Wow, what an awesome trip I just had to SoCal. I left about 10 days ago taking advantage of the opportunity of the extra spring break time. I wanted to put the effort in at SuperSeal the weekend before Oceanside 70.3. I have found what works best for me would not work for most of my athletes, but I usually need some type of significant effort a week out from a race. SuperSeal went very solid. The swim and the bike were just average for me, but the run was one of my best at 5:48 pace with a mile or so off the main path on sand trails.
I was able to get 2nd Overall behind Michael Wies. He beat me pretty soundly, I think 7 min, that guy can really ride a bike…
I spent the following week training with Trevor Glavin, and updating all my SkinFit apparel (www.skinfitusa.com). I never really write about all the products I use, but will tell you the clothes are amazing. He could probably use a better “model” then me, but I am glad I get to race and train in the stuff.
California 70.3 came and I was just feeling really ready for it. I was questioning as I get older if my “Strong” taper would work and I would recover the same, but mentally I really wanted to get the race going. For the first time I think I walked around feeling like 4-6 guys could really win the overall and even my AG but I considered myself one. I have so much respect for the guys I race. 30-45 years old is really no joke. These guys are sub 9 hour IM guys and really can go.
Race morning came and I knew I was in the last wave… again… I hate starting last because it is simply so dangerous. To describe what it is like to ride a bike through that crowd would be like telling someone to go flat out on their local bike path on a weekend. So often you just have to have faith that people are not going to cut you off, or do anything too crazy, not to mention the swim is… well, you can imagine.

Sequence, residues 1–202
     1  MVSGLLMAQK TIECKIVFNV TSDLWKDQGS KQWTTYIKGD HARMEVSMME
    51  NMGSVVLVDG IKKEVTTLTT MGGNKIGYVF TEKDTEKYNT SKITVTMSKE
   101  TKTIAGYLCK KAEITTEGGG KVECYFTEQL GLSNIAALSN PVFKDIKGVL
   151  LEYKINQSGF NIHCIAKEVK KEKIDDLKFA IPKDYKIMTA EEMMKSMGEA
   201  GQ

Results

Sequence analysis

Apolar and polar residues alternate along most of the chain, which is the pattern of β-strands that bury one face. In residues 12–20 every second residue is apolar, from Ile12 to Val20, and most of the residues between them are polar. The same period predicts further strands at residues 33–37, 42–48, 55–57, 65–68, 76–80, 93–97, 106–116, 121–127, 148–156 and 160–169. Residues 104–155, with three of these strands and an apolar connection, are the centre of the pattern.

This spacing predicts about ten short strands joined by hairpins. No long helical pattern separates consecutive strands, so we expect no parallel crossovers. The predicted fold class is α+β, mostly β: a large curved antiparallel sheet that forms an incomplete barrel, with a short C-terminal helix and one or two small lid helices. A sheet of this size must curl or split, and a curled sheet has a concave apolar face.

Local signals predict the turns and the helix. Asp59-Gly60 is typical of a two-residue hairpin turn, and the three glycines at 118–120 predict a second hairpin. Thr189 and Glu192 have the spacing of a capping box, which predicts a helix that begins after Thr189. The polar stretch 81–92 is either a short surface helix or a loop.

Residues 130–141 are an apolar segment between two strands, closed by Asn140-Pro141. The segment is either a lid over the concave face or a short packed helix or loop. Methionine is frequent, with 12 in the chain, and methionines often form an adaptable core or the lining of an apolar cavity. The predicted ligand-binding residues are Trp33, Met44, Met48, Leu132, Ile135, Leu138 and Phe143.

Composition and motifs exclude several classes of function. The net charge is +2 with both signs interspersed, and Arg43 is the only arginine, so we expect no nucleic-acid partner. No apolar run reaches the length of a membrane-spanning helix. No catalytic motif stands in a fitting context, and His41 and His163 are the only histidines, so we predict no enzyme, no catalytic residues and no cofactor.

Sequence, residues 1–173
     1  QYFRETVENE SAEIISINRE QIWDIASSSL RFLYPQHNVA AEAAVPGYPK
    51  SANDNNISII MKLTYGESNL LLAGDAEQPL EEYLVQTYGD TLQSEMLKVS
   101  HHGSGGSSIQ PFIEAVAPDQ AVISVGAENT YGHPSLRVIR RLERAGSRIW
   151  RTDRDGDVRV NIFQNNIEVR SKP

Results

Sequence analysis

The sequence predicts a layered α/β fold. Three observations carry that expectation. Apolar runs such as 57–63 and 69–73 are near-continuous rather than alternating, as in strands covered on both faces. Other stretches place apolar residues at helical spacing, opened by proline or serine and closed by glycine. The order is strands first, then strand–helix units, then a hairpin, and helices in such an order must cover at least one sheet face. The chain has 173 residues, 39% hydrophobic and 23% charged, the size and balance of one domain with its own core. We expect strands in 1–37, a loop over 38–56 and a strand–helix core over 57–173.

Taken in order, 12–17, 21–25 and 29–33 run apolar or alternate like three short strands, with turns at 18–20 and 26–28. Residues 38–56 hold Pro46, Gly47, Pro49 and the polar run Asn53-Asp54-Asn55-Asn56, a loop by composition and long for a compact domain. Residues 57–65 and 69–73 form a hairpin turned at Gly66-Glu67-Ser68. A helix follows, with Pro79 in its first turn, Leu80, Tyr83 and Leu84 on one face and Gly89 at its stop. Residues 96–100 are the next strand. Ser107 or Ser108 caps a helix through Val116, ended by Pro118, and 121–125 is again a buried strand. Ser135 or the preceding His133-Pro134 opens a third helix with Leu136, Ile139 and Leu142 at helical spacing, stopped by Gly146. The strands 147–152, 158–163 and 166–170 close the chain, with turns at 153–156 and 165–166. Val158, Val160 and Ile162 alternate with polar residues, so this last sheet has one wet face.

The swim started and I saw one of the guys mark me from the start. I got one of the better foot massages I think I have ever gotten and we actually moved through the field quite efficiently I felt. I wanted to get in and out of T1 and feel I did a good job doing so. On the bike I felt like Lance Armstrong as I was passing people in the 50+ AG, and eventually the younger ones, but had to keep telling myself it was just an illusion. I had my first indication at the 40k I was doing OK, when I was under 55 min. We had a good tail wind though for a lot of it and I told myself to just keep going. 28 miles in 1:02…Wow, but here comes the hills and wind.
Lucky for me I had two sources, well, three of motivation. 1- I knew the guys in my AG could really run well, and they did. 2- I went to Infantry school on the bike course. So riding through seeing the Marines was awesome. I tried to remember everything I did there, and “Suck it up”. 3- On one of the last hills I was starting to really feel some cramps in the legs, and chest from breathing too hard. I came up on this guy with “Scottsdale Tri Club” or something with pink compression socks... I asked him “for Sally?” He yelled, SALLY SOCKS! Game back on – get focused I told myself.